How do couples meet and fall in love in the 21st century?

In today's day and age, love isn't always something you find unexpectedly during a random encounter. Dating is no longer limited to the people you meet in person.

Nowadays, online dating is the most common method of meeting a partner; more than 57 million people use dating apps in the U.S., and it’s never been easier to connect with others online.

Unfortunately, some people use these apps for more than just digital sparks. Some cyber criminals take advantage of these apps to carry out romance scams.

According to the FBI, online scams increased by 87% from 2015 to 2022. Those affected lost $547 million in 2021 as a result of being swindled by their cyber-sweetheart. Alarmingly, research reveals that romance scammers are adept at deceitful tactics. They craft fake online personas with alluring pictures copied from the internet. Sometimes they even assume the identities of people they know.

We want you to be aware of these types of scams. Scammers take advantage of people’s emotions and can cause serious financial and psychological damage.

It's important that young people and those new to online dating be aware of these types of scams, so their emotions don’t lead them to ignore red flags.

To help you and others avoid identity theft, financial fraud, and heartbreak, here are some pointers to ensure your love at first swipe or click is legit.


What Are Romance Scams?

According to the FBI, a romance scam occurs when a criminal creates a fake profile and feigns romantic interest in another online user – either through a dating app or website, an online chat room or a social media platform – to create a feeling of intimate trust with the intention of scamming the victim out of money.


Things to consider before jumping to an online dating site

1. Dating apps are the new storehouses for personal data.

Don’t share your full name, location, or phone number. Try to stay as anonymous as possible. Unless you actively maintain your online security, you're easier to find than you think. All it takes is a unique first name, a small university graduating class, a sports team jersey, or a friend in common to pull up your Facebook profile. Be careful what you put out there.

2. Don’t sign up with your Facebook account, but if you do...

Tinder and Bumble are incredibly popular swiping-based dating apps. These apps typically pull your name, age, and employment from your Facebook profile, and then link all your interests (all the pages you've ever liked on Facebook over the past 10 years), your photos, and your mutual friends.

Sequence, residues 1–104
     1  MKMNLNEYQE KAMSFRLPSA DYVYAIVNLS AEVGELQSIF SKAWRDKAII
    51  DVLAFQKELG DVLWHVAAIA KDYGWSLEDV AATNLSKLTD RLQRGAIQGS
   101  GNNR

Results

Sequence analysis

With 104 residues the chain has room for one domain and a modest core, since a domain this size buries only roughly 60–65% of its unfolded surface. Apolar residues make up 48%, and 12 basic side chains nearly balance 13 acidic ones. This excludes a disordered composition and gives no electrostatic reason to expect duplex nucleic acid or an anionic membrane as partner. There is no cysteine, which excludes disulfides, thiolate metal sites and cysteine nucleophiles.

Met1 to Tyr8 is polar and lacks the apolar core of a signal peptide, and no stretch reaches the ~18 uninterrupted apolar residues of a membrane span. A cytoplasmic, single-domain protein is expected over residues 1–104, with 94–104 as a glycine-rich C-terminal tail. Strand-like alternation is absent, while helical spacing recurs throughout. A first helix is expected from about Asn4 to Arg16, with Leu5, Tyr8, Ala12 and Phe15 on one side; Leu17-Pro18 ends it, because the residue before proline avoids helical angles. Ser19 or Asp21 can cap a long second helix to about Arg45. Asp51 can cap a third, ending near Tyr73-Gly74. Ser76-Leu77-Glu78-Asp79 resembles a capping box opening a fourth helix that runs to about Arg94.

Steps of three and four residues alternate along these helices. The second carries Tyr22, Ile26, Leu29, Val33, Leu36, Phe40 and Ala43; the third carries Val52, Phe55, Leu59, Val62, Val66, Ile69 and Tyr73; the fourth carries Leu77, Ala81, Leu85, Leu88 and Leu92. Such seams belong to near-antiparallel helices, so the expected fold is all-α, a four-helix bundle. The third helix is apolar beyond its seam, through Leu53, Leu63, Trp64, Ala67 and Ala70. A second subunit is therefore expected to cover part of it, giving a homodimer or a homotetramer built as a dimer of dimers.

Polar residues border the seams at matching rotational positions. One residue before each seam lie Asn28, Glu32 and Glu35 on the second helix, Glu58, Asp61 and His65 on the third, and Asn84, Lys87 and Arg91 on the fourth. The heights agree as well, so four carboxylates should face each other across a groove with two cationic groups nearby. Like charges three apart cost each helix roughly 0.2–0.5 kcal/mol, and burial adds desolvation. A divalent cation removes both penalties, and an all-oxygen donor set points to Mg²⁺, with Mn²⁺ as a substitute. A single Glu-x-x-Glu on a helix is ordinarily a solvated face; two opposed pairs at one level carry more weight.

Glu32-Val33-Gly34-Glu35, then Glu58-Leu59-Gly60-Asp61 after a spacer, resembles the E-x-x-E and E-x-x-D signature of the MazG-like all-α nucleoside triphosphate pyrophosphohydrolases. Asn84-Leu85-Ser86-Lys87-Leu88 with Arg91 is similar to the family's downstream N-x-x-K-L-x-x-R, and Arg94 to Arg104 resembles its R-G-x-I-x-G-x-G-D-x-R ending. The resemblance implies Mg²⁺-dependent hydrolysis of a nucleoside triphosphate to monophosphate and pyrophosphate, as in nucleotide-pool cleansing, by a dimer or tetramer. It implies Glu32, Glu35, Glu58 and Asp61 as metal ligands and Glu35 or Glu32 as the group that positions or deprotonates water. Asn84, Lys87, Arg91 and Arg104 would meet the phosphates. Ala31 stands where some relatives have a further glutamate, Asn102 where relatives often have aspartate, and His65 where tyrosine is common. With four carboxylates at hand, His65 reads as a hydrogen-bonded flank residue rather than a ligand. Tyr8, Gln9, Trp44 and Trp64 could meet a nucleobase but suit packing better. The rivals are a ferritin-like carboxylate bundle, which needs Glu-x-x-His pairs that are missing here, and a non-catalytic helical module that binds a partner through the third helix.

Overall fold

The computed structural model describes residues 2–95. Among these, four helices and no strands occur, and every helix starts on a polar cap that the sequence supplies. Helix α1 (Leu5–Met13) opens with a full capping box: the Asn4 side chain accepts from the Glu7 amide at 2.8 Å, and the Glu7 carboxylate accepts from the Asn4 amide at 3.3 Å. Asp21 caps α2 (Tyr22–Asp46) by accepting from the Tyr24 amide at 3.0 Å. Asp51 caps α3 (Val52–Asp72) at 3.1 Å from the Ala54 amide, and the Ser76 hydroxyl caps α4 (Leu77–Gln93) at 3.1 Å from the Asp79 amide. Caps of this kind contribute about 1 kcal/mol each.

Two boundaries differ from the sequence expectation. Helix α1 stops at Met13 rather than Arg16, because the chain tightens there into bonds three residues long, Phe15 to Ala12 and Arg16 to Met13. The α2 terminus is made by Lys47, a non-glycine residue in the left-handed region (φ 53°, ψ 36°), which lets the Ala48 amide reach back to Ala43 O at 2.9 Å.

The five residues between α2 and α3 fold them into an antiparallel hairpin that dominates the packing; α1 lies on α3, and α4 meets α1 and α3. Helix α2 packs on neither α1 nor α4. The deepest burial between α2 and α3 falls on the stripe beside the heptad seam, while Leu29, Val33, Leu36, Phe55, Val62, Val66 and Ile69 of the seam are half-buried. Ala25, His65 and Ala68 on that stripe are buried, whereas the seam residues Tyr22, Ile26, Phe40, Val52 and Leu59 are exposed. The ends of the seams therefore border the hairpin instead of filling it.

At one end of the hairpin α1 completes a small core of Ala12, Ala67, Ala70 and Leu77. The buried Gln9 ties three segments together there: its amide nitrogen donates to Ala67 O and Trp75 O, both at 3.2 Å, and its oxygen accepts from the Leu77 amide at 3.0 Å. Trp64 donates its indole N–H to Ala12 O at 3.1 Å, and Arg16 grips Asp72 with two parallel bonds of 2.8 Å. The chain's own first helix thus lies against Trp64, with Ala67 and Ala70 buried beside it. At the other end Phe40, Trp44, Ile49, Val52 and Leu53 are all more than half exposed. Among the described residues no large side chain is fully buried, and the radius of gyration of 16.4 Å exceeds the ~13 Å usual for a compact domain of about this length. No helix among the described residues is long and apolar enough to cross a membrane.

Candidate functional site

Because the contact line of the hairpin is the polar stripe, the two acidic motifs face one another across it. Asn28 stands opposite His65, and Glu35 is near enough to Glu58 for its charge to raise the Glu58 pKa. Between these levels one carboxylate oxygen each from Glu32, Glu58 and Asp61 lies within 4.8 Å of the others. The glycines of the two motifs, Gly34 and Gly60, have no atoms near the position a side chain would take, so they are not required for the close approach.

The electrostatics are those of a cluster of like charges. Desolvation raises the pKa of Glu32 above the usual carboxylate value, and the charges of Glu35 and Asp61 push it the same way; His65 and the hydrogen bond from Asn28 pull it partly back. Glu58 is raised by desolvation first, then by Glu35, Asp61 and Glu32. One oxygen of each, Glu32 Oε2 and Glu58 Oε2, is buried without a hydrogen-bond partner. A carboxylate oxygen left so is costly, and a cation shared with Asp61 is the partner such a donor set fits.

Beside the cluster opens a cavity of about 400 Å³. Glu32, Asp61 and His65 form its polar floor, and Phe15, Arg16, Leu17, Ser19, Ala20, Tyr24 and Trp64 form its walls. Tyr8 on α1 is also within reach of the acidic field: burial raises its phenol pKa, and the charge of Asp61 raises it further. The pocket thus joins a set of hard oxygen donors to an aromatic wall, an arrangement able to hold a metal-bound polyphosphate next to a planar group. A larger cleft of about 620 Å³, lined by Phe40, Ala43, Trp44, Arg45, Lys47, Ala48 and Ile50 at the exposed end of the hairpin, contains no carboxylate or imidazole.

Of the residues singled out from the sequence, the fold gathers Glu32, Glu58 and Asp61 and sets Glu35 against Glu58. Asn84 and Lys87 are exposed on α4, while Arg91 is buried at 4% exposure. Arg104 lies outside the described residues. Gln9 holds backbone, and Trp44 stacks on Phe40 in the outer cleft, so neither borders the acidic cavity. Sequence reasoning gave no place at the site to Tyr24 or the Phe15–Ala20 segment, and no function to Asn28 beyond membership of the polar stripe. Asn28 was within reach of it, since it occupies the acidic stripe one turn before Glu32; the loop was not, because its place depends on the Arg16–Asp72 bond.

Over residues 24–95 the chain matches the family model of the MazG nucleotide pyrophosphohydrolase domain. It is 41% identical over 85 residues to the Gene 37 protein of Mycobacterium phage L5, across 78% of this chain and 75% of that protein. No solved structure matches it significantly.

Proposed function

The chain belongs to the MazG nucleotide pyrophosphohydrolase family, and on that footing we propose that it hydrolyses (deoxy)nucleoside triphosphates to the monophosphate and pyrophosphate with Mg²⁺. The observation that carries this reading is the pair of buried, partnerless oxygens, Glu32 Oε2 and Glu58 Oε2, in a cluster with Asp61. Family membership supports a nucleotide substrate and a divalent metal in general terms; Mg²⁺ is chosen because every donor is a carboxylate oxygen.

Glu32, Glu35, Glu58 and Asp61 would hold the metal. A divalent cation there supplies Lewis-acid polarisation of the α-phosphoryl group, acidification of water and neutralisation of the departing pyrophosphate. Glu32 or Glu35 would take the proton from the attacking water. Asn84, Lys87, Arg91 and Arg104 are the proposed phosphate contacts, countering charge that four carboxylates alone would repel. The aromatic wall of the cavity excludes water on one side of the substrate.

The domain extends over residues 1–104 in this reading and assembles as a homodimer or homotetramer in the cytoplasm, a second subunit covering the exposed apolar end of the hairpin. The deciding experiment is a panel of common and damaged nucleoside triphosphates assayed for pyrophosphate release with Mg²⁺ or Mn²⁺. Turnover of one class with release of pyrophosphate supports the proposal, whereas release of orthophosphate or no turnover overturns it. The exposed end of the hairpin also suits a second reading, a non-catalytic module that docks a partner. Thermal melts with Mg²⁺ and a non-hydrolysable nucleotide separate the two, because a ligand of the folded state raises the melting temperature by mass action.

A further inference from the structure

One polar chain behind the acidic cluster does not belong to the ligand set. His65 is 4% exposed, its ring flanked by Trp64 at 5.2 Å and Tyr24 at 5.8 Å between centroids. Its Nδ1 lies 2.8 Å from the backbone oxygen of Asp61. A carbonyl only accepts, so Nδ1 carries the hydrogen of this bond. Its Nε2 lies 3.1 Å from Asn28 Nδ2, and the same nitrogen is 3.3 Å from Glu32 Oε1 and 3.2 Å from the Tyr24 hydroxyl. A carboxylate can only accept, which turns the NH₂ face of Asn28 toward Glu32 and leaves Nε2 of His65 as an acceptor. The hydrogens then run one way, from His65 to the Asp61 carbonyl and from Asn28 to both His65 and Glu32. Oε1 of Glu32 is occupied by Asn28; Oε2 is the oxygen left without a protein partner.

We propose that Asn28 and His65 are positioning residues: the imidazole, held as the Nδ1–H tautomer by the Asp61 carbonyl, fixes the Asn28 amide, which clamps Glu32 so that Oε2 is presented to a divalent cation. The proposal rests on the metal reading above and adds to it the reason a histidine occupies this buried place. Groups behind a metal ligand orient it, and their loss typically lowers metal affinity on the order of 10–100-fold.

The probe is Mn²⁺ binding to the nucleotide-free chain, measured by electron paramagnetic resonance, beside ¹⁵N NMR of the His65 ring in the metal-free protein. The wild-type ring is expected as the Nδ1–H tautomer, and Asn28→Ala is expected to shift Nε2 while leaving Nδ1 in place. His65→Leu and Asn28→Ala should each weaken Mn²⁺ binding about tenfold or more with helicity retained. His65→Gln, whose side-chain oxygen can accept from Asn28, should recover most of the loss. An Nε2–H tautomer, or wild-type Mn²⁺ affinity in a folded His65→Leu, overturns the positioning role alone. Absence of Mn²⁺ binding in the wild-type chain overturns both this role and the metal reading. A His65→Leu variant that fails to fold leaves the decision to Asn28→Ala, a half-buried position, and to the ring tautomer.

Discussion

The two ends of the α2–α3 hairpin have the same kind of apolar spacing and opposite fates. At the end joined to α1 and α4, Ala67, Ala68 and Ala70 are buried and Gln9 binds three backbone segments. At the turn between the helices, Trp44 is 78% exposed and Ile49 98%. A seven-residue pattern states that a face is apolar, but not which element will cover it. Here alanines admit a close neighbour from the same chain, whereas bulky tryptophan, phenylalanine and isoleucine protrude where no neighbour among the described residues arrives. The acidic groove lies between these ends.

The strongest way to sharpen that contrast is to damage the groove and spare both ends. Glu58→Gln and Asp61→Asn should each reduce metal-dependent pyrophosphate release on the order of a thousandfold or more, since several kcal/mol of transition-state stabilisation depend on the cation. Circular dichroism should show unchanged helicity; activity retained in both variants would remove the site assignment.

If you decide to sign up with your Facebook account:

  • Remove Your Workplace/School
  • Change Your Primary Photo
  • Don't Link to Instagram
  • Reconsider Your Social Media Handles


I signed up, what’s next? Stay Safe Online

Online dating can be a dangerous playground for scams; follow these practices to stay one step ahead of cyber criminals:

  1. Avoid visiting links, don't send anyone money, and have your wits about you.
  2. Avoid photo scams. Cyber criminals will convince their target to send their personal information in exchange for intimate photos.
  3. Ask questions. You want to ensure the person on the other end is legitimate.
  4. Do your own snooping, such as a reverse image search.

In the age of social media and online dating, everyone has a digital presence waiting to be viewed. Do your homework on your cyber sweetheart by viewing their social media profiles. If their profile is bare or they have no connections, take it a step further with a reverse image search to see if their photos are on other sites.

To do this:

  1. Right-click an image of the person.
  2. Click “Copy.”
  3. Visit and paste the image.

Google will show you the websites where the image appears online. If it shows up on a stock photo site or seems to belong to someone else entirely, it may be part of a scam.

  1. If your potential match seems too defensive or angry over common questions, they are likely catfishing.
  2. Feeling uncomfortable at any point? Perhaps they are asking way too many personal questions. Block them.
  3. Should you feel that someone is faking their identity or scamming you, contact the dating site's customer support and report them.

Keep in mind dating apps are available for anyone to download. Hackers want to move to a more personal communication platform to easily secure massive troves of data. So always think before you click, and don’t let emotions blind your data privacy concerns. 

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